Pete Stanaitis --------------
Phred wrote:
Reply to
spaco
A lot of firms won't give them away for fear of the drum later being found in the newest superfund site which gets them a lesson in what 'deep pockets' mean.
The best drums are ones that have a liner in them, these have a removable top so they can get the liner. I've seen these used with adhesives and heavy silicon. If you latch on to one of them, grab the lid, keeping the ashes dry adds to the longevity of the barrel.
Wes S
Reply to
clutch
That's the kind our shop gets contact cement in and the supplier don't want 'em back . We currently have about 8 or 10 out in the yard , come n get 'em . No liners though , so that first burn is gonna be a doozie .
Reply to
Snag
The best i used was a drum made by rolling a 4x8 of expanded steel into a drum shape, weld or bend the edges to stay together. This thing gets enough air for complete combustion, once it's burning well even green stuff goes up. I used a round section of screen 6 inches above ground, but that just bocks up with ash anyway.
Reply to
Stupendous Man
Hi Fred,
Lots of good ideas so far...
If you don't mind a bit of work try some of your local plumbing suppliers and look for old water bladder tanks. Most of these are warranted and you can find returned tanks that look just like new with bladder problems. They are a bit thicker than 55 gallon drums and come in all shapes and sizes. The supplier may be more than glad to get rid of them for nothing due to the bladder inside and not so easy to remove it. At least that used to be the case around here. This is what I have been using for many years now. The last one I cut the top off of and pulled out the bladder has lasted for something like 3 or 4 years now. I can't remember for sure.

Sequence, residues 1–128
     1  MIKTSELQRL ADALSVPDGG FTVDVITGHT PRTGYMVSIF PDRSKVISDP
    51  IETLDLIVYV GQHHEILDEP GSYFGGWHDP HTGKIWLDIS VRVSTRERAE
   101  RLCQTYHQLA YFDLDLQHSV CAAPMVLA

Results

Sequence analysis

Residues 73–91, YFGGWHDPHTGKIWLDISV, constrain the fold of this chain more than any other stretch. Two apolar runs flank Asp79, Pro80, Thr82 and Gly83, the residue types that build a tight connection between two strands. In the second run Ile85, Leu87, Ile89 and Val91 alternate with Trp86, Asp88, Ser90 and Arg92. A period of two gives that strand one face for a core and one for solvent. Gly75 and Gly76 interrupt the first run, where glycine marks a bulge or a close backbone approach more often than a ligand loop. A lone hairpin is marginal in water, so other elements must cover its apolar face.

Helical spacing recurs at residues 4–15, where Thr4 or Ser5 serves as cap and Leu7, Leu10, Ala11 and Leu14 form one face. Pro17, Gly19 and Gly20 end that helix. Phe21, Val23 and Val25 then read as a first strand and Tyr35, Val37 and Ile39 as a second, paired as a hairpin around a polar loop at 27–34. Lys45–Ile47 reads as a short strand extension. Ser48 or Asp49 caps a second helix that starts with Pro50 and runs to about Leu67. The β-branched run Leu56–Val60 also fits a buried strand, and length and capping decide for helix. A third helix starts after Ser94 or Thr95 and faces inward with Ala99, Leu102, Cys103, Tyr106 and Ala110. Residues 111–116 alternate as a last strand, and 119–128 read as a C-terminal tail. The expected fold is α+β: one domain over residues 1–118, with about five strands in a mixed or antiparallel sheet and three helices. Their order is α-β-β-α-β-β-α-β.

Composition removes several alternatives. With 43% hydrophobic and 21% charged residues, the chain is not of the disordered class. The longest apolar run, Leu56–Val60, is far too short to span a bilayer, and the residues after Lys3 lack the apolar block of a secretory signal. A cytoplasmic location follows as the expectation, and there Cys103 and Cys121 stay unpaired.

Reply to
Leon Fisk
Someone gave me one a while a go..but Id not suggest making afire in it..it appears to be fiberglass
Gunner
"Deep in her heart, every moslem woman yearns to show us her tits" John Griffin
Reply to
Gunner
I get them free from an industrial paint contractor, or if I'm in a hurry I pay a local honey distributor $10 for a clean one that was used to import honey. They usually have a couple thousand on hand. Too bad that you're not in the sunny south. :)
Reply to
Michael A. Terrell
I use mine horizontal, with a two foot tall flue and spark arrestor. They usually last three years, if used weekly. If you lined one with fire mortar, they would last a lot longer. I have had a fire in one for almost three weeks when I burnt several very moldy sets of Thomcat catalogs, along with a quart of used motor oil. There was less than a shovel full of ash left.
Reply to
Michael A. Terrell
On Sat, 27 Jan 2007 18:19:22 -0500, Phred scribed:
Wow! Great suggestions!
I really just need to get rid of some organic waste and dead tree limbs from the property, use the ash as fertilizer for the impending vegetable garden we will start next spring.
I reckon I can drop a few of these on the driveway, light them up and not have too bad a lawn destruction or other problems.
I will call around to a few of the places you all mentioned and see what I can find. Certainly not looking for anything that held industrial waste as the ash goes in the garden...
Thanks for all your help!
Fred
Reply to
Phred
It's been a while, but...
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Reply to
Steve Ackman